Signal Processing and Linear Systems-B.P.Lathi copy

We observe t hat t he closer t he poles t o t he j w

Info iconThis preview shows page 1. Sign up to view the full content.

View Full Document Right Arrow Icon
This is the end of the preview. Sign up to access the rest of the document.

Unformatted text preview: t he r eady availability of computers, root locus can b e p roduced easily. Nevertheless, understanding these rules can b e a g reat help in developing the intuition needed for design. We shall present here the rules, b ut o mit t he proofs of some of t hem. We begin with a feedback system depicted in Fig. 6.42, which is i dentical to Fig. 6.18d, except for t he explicit representation of a variable gain K . T he s ystem in Fig. 6.36a is a special case w ith H (s) = 1. For t he s ystem in Fig. 6.42, T (s) _ K G(s) - 1 + K G(s)H(s) (6.89a) T he c haracteristic equation of t his s ystem is:j: tThis procedure was developed as early as 1868 in Maxwell's paper "On Governors". :j:This characteristi~ equation is also valid when the gain K is in the feedback path [I umped with H (s) ) rather than I n the forward path. The equatlOn applies as long as the gain K is in the loop at any point. Hence, the root locus rules discussed here apply to all such cases. 4 40 6 Continuous-Time System Analysis Using the Laplace Transform 1 + K G(s)H(s) = 0 6.7 Application t o Feedback and Control S tate Equations t he ready ~vailability o f computers and progran,s makes it much easier to draw actual locI. . T he first four rules are still very helpful for a quick sketching j t he root locI. 0 (6.89b) We shall consider the paths of the roots of 1 + K G(s)H(s) = 0 as K varies from 0 0. W hen t he loop is opened, the transfer function is K G(s)H(s). For this reason, we refer t o K G(s)H(s) as the o pen-loop t ransfer f unction. T he rules for sketching t he root locus are as follows. o to 1. R oot loci begin ( K = 0) a t t he open-loop poles and terminate on t he openloop zeros ( K = 0 0). T his fact means t hat t he number of loci is exactly n , t he order o f t he open-loop transfer function. Let G(s)H(s) = N (s)/D(s), where N (s) a nd D(s) a re polynomials of powers m and n, respectively. Hence, 1 + K G(s)H(s) = 0 implies D(s) + K N(s) = O. Therefore, D(s) = 0 when K = O. I n t his case, the roots are poles of G(s)H(s); t hat is, t he open-loop poles. Similarly, when K ~ 0 0, D(s) + K N(s) = 0 implies N (s) = O. Hence, the roots a re t he open-loop zeros. For t he system in Fig. 6.36a, t he open-loop transfer function is K / s(s + 8). T he open loop poles are 0 and - 8 a nd t he zeros (where K /s(s + 8) = 0 are b oth 0 0. We can verify from Fig. 6.41 t hat t he r oot loci do begin a t 0 a nd - 8 a nd terminate a t 0 0. Udnderstandin g these rul~s ~an be helpful in design of control systems as dem~ns(trate lat~r. T hey are an aId I II determining what modifications should be made or w hat ~md of ~ompen~ator t o add) t o t he open loop transfer function in order t o meet gIven deSIgn specIfications. • E xample 6 .21 Using t he fou~ rules of t he r oot loci, sketch t he r oot locus for a system w ith Io op transfer functIOn open K G(s)H(s) = K s (s + 2)(s + 4) 1. Rule 1: For this G (s)H(s) ' n - . Hence, t here are three root loci which begi t -3 t he poles of G (s)H(s); t hat is, a t 0, - 2 a nd - 4. ,na 2. Rule 2: T here are odd numbers of poles t o t he right of t he real axis segment s < -...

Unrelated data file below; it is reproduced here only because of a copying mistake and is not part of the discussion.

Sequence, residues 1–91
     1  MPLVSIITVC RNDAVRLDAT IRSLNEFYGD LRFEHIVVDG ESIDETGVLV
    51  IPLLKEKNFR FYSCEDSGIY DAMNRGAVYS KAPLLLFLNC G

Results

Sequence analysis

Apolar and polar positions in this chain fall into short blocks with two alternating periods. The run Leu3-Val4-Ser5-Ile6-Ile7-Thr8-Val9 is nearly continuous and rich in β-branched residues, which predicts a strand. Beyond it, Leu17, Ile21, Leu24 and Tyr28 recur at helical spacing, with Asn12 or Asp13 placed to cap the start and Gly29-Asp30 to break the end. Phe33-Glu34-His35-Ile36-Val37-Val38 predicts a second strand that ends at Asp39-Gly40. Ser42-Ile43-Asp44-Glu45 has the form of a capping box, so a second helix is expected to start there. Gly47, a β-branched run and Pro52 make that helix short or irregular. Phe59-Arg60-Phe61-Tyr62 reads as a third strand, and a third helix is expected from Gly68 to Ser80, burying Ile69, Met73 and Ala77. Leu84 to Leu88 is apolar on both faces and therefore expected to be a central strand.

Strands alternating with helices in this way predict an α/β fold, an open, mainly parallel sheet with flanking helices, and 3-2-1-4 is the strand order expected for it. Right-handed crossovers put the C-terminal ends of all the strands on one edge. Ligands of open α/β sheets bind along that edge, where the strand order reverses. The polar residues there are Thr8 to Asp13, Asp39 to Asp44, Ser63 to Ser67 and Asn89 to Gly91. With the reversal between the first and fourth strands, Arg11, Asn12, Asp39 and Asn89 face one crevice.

View Full Document

This note was uploaded on 04/14/2013 for the course ENG 350 taught by Professor Bayliss during the Spring '13 term at Northwestern.

Ask a homework question - tutors are online